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Fake quotes run rampant among GOP candidates

Why do GOP presidential candidates keep falling for bogus historical quotes? Because they're under a false impression about their own historical legacy.
Scene at the Signing of the Constitution of the United States by Howard Chandler Christy
Scene at the Signing of the Constitution of the United States by Howard Chandler Christy
The first hint of trouble came about a month ago, when Wisconsin Gov. Scott Walker (R) told supporters that "Thomas Jefferson said it best" when the Founding Father said, "That government is best which governs least."
Thomas Jefferson never said this. Walker fell for a fake quote.
Soon after, Sen. Rand Paul (R-Ky.) told an audience, "Patrick Henry said this, Patrick Henry said the Constitution is about 'restraining the government not the people.'" In reality, Patrick Henry said no such thing.
Soon, the examples really started piling up. Ben Carson pushed a bogus quote from Alexis de Tocqueville and another bogus quote from Thomas Jefferson. Then this week, BuzzFeed lowered the boom.

Many of the quotes attributed to the Founding Fathers in two of Rand Paul's books are either fake, misquoted, or taken entirely out of context, BuzzFeed News has found. [...] A heavy theme in Paul's books is that the tea party movement is the intellectual heir to the Founding Fathers, with Paul often arguing he knows what position our country's earliest leaders would have had on certain issues.

That latter point, I'd argue, helps explain why so many Republicans end up using -- or in this case, misusing -- quotes from Founding Fathers that simply don't exist.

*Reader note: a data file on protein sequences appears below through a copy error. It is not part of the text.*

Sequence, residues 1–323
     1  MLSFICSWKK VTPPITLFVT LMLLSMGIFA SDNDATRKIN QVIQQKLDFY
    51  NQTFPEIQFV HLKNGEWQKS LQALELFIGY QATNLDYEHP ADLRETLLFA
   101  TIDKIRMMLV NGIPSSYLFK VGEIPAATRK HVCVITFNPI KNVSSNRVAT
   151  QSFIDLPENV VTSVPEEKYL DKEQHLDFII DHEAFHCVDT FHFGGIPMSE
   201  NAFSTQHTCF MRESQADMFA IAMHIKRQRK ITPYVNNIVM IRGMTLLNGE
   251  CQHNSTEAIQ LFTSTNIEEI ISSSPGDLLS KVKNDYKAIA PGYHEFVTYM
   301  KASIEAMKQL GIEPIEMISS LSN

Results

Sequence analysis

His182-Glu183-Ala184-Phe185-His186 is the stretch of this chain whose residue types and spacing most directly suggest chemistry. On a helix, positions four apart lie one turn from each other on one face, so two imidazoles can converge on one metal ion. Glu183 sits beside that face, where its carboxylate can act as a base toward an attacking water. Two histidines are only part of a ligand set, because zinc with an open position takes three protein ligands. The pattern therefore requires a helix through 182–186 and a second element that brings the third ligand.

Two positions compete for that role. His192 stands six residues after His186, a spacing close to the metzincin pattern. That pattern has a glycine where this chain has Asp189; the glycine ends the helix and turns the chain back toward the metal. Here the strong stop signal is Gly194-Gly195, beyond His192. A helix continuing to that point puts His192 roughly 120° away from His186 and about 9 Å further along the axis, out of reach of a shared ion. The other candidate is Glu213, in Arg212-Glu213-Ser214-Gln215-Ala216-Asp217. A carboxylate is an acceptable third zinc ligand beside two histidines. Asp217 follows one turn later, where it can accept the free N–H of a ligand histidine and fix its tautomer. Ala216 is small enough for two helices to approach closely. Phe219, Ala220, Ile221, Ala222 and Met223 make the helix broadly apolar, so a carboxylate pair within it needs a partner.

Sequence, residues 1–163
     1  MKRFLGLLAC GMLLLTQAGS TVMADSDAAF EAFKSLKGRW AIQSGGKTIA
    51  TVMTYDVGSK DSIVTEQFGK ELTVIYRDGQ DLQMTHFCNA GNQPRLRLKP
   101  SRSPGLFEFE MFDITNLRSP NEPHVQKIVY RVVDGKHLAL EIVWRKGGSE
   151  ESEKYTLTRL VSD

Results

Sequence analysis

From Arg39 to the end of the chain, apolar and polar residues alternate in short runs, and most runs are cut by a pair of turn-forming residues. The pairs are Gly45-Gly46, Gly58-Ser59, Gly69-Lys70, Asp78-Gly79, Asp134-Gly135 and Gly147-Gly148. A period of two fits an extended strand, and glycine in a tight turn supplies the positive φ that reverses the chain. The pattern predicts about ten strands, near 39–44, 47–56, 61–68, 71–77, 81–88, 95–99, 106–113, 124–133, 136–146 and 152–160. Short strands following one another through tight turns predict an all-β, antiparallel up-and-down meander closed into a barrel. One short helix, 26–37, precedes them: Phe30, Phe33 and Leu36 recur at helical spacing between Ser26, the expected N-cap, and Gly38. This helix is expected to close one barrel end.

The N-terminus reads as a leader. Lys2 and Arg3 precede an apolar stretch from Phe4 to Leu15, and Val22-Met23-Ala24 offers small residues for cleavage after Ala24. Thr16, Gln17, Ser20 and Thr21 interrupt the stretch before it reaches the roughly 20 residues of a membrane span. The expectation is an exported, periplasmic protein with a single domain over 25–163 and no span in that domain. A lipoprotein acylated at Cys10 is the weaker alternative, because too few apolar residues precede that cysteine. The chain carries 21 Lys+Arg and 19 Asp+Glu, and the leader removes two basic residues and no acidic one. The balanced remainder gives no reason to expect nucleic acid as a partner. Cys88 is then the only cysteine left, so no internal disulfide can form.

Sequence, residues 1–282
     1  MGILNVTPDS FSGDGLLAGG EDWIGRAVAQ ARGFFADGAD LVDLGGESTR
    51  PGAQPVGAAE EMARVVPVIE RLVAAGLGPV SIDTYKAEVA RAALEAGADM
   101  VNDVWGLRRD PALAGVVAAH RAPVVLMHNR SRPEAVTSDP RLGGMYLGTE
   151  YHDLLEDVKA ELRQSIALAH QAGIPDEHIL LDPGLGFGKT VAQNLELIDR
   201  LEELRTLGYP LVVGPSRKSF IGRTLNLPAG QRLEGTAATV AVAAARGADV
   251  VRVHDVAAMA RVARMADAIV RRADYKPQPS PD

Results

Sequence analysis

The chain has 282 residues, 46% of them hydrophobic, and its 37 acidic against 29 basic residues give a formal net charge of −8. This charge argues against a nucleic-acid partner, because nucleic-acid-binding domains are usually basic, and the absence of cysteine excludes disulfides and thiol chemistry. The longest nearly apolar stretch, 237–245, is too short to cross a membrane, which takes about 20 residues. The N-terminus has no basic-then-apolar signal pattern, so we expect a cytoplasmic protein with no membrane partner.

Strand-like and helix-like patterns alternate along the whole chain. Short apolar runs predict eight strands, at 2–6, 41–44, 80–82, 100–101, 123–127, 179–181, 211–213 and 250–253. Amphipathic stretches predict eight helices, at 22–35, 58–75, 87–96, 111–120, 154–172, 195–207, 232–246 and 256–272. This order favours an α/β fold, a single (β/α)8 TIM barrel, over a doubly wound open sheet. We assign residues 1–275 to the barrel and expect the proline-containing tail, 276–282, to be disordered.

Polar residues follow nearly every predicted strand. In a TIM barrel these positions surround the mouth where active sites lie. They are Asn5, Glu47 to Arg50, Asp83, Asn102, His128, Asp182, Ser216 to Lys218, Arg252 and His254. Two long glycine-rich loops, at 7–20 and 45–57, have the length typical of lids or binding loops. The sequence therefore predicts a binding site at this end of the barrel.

My suspicion is that these are honest mistakes. I rather doubt that any of these GOP presidential candidates are knowingly pushing bogus quotes and/or had anything to do with the original fabrication. It's far more likely the candidates and their aides stumbled upon false information online and didn't realize their mistake.
But as we talked about last week, I still think there's a larger takeaway from this that matters.
Last summer, not long after Rep. Jody Hice (R-Ga.) was found to have disseminated all kinds of bogus quotes from prominent historical figures, Jon Chait noted, “A longstanding conceit of conservative thought, which has returned with new force during the Obama years, is that conservatism is the authentic heir to the vision of the Founders. (See, for example, Paul Ryan’s recent op-ed, which offhandedly describes his own polices, in contrast with President Obama’s, as consistent with ‘the Founders’ vision.’)”
The fact remains, however, that "the Founders were not Tea Partiers."
Paul, Carson, and Walker unknowingly repeating made-up quotes isn't terribly important, but it is important that the far-right is under a mistaken impression -- that they're the rightful heirs of the framers' great legacy. It's today's conservatives, the argument goes, that are the direct descendants of the likes of Washington, Adams, Jefferson, and Madison.
It's nonsense, of course, but it helps explain why Republican fall for bogus quotes in the first place.